Modern electronics turn on as soon as you hit the power button. A true peice of vintage electronics, however, will take a few seconds to warm up because it uses a predecessor to the integrated circuit: the Vacuum tube, also known as the Valve, or Thermionic Valve. Now only found in high-end amplifiers and the occasional lab, these devices were the basis of most complex electronic devices in the days before transistors.
The mechanism of the vacuum tube is simple. There is a vacuum inside the tube, and a heated element similar to a lightbulb (called the filament, or the anode). Electrons fly through the vacuum to another electrode, called the plate (or, in electrical terms, the cathode) so the device conducts a current. This current only flows in one direction, so this forms what electricians call a Diode, one of the basic elements of an electrical circuit. This behavior means that an arrangement of vacuum tubes can be used to convert alternating current into direct current, which was their first use. But if you put a grid between the filament and the plate, the amount of current that the tube conducts depends on the voltage that is applied to this grid. In this form (called a triode), a vacuum tube acts as an amplifier, converting a small voltage into a larger one.
The vacuum tube was first developed in the 19th century by several inventors, including Geissler and Crookes, who invented the first Cathode Ray Tube (CRT), later used in televisions. The basic idea was further developed by many more inventors, including Edison (who patented the basic effect that makes them work, but failed to understand the process behind it), Tesla and many others. However, most of them failed to see any practical application for the technology, and it remained a lab curiosity until 1905, when John Ambrose Fleming developed and patented the rectifying diode, which rectified (or converted) high frequency radio signals, making wireless radio transmission and reception both possible and practical. If you are looking for the point in time when Steampunk turned into Cyberpunk, this is it.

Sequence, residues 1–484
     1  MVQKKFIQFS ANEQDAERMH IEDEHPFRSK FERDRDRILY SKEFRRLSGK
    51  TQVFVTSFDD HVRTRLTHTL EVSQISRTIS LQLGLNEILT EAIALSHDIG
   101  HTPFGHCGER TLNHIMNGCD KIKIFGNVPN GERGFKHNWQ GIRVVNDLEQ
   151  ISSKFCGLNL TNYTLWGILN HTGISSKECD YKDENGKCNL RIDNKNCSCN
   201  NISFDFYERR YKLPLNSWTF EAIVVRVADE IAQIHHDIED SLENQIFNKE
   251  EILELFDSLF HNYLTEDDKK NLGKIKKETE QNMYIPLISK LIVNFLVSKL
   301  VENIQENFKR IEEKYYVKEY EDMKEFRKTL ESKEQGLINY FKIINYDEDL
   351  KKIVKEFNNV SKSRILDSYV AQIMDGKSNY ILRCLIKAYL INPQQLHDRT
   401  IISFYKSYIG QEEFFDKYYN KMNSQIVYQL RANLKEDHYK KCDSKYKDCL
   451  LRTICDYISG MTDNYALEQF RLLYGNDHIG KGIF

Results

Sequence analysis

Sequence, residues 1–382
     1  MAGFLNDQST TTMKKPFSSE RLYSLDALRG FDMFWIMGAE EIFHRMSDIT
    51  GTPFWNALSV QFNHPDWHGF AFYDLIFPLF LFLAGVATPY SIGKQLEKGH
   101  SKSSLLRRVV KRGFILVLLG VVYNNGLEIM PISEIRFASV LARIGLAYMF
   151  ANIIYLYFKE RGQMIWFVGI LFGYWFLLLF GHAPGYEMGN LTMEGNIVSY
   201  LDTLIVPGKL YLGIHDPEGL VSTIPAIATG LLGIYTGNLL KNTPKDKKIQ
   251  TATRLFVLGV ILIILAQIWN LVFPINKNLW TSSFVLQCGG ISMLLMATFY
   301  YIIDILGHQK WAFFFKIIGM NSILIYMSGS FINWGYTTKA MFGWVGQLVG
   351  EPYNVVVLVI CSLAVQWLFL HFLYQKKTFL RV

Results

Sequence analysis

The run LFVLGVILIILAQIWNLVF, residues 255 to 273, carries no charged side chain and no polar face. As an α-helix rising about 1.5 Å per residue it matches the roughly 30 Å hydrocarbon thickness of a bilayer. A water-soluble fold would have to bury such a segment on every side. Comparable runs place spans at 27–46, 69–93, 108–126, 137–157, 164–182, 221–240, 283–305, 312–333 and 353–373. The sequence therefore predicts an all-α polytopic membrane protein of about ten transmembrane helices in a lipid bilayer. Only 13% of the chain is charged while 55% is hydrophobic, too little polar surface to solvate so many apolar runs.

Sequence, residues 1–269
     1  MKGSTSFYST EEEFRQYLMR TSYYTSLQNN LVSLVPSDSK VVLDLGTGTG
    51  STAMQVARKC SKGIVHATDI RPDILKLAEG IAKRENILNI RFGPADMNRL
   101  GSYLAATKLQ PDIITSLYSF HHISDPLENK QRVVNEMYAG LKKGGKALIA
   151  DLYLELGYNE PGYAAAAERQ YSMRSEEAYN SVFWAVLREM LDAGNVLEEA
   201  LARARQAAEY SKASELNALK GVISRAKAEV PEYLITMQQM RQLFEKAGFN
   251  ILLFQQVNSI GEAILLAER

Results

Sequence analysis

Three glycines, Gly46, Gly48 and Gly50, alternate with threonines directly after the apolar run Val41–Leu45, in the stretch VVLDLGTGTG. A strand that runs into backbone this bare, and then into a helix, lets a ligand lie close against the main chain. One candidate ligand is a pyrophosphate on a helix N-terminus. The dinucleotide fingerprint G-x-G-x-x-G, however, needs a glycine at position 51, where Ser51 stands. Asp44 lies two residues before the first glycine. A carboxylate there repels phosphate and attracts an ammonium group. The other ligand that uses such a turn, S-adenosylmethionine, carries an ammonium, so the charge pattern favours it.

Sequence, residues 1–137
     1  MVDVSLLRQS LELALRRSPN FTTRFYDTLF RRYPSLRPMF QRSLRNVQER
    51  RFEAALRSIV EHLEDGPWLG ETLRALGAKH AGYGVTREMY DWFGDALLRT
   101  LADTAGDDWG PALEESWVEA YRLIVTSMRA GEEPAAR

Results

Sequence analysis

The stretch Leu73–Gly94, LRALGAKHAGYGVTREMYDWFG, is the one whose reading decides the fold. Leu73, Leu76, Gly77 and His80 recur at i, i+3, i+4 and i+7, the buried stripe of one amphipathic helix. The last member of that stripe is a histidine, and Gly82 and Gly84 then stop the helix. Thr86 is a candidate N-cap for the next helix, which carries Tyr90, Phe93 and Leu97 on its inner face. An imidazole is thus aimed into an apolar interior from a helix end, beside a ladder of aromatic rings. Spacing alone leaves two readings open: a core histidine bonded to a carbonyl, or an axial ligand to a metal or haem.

Over the next few years, many more types of vacuum tubes were developed, creating more and more complicated functions in a single tube and created better and more accurate amplification. These included Pentodes, which added two more grids that created a more accurate amplifier response, and other more complex devices.
Eventually, vacuum tubes formed the core of the first computers, built around analog circuits and later, logic gates built from these glowing tubes. The first computer was Colossus, built by the British Bletchley Park codebreaking unit to help crack German and Japanese codes. The most complex version of this device used over 2400 vacuum tubes of various types, which had to be regularly replaced. After the war, the EDVAC (Electronic Discrete Variable Automatic Computer ) was the first true digital computer that ran a stored program, built by Bell Labs for the US Army with over 6000 vacuum tubes and 12,000 diodes in .